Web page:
Using awk

Generating reports

awk is especially useful for producing reports that summarize and format information. Suppose you want to produce a report from the file countries, that lists the continents alphabetically, and after each continent, its countries in decreasing order of population, like this:

           Sudan          19
           Algeria        18

Asia: China 866 India 637 CIS 262

Australia: Australia 14

North America: USA 219 Canada 24

South America: Brazil 116 Argentina 26

As with many data processing tasks, it is much easier to produce this report in several stages. First, create a list of continent-country-population triples, in which each field is separated by a colon. To do this, use the following program, triples, which uses an array pop, indexed by subscripts of the form 'continent:country' to store the population of a given country.

The print statement in the END section of the program creates the list of continent-country-population triples that are piped to the sort routine:

   BEGIN  { FS = "\t" }
          { pop[$4 ":" $1] += $3 }
   END    { for (cc in pop)
               print cc ":" pop[cc] | "sort -t: +0 -1 +2nr" }
The arguments for sort deserve special mention. The -t: argument tells sort to use : as its field separator. The +0 -1 arguments make the first field the primary sort key. In general, +i -j makes fields i+1, i+2, ..., j the sort key. If -j is omitted, the fields from i+1 to the end of the record are used. The +2nr argument makes the third field, numerically decreasing, the secondary sort key (n is for numeric, r for reverse order). Invoked on the file countries, this program produces as output:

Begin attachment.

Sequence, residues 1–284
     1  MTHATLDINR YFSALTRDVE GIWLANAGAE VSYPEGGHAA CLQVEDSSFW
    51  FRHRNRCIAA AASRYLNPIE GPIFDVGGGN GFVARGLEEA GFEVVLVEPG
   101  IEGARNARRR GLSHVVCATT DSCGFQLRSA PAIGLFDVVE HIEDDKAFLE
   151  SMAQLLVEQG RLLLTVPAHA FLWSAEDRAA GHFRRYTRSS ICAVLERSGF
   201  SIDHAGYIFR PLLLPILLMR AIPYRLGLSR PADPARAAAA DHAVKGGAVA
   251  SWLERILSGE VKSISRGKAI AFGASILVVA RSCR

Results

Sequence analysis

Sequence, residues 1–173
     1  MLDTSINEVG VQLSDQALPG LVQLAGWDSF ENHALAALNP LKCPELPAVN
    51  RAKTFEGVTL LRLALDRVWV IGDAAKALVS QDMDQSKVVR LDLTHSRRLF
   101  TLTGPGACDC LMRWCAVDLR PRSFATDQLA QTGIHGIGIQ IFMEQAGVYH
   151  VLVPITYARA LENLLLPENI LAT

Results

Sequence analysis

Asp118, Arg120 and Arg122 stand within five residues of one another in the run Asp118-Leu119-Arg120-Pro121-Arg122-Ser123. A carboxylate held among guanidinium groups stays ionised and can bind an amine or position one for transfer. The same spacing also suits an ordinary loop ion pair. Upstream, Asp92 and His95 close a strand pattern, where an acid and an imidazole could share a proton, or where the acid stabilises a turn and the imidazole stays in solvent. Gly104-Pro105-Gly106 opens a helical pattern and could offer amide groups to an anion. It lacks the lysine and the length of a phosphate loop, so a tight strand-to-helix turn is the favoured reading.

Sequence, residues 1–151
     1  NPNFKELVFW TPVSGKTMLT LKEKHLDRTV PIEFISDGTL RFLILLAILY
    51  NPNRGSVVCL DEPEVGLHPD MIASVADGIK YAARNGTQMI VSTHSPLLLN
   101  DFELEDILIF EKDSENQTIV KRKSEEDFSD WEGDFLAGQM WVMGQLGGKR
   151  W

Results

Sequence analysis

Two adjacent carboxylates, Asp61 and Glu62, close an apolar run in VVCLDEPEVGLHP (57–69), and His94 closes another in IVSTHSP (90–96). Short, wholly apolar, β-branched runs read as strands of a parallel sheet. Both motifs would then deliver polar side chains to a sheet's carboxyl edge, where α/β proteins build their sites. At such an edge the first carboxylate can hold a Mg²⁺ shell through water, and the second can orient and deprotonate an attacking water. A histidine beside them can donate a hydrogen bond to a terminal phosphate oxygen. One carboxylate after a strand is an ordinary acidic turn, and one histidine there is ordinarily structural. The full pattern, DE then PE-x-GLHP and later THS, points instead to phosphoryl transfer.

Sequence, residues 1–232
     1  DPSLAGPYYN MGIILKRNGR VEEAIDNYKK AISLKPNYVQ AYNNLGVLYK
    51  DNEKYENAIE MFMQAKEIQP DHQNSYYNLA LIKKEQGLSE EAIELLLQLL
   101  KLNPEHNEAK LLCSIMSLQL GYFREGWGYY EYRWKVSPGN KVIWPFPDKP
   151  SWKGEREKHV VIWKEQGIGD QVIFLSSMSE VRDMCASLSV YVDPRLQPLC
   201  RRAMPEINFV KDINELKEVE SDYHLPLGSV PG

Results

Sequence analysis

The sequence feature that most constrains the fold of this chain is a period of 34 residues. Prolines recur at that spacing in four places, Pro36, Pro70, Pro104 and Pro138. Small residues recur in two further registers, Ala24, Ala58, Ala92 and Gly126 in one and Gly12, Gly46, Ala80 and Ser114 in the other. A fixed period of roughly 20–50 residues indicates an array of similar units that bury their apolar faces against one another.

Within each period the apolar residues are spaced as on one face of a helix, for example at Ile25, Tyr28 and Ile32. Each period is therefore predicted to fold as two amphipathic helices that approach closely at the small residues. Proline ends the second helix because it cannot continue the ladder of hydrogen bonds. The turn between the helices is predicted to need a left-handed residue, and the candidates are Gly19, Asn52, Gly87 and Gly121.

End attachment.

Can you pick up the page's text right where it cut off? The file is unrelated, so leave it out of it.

North America:USA:219
   North America:Canada:24
   South America:Brazil:116
   South America:Argentina:26
This output is in the right order but the wrong format. To transform the output into the desired form, run it through a second awk program, format:
   BEGIN  { FS = ":" }
   {      if ($1 != prev) {
               print "\n" $1 ":"
               prev = $1
          printf "\t\t%-10s %6d\n", $2, $3
This is a control-break program that prints only the first occurrence of a continent name and formats the country-population lines associated with that continent in the desired manner. The following command line produces the report:

awk -f triples countries | awk -f format

As this example suggests, complex data transformation and formatting tasks can often be reduced to a few simple awk and sort operations.

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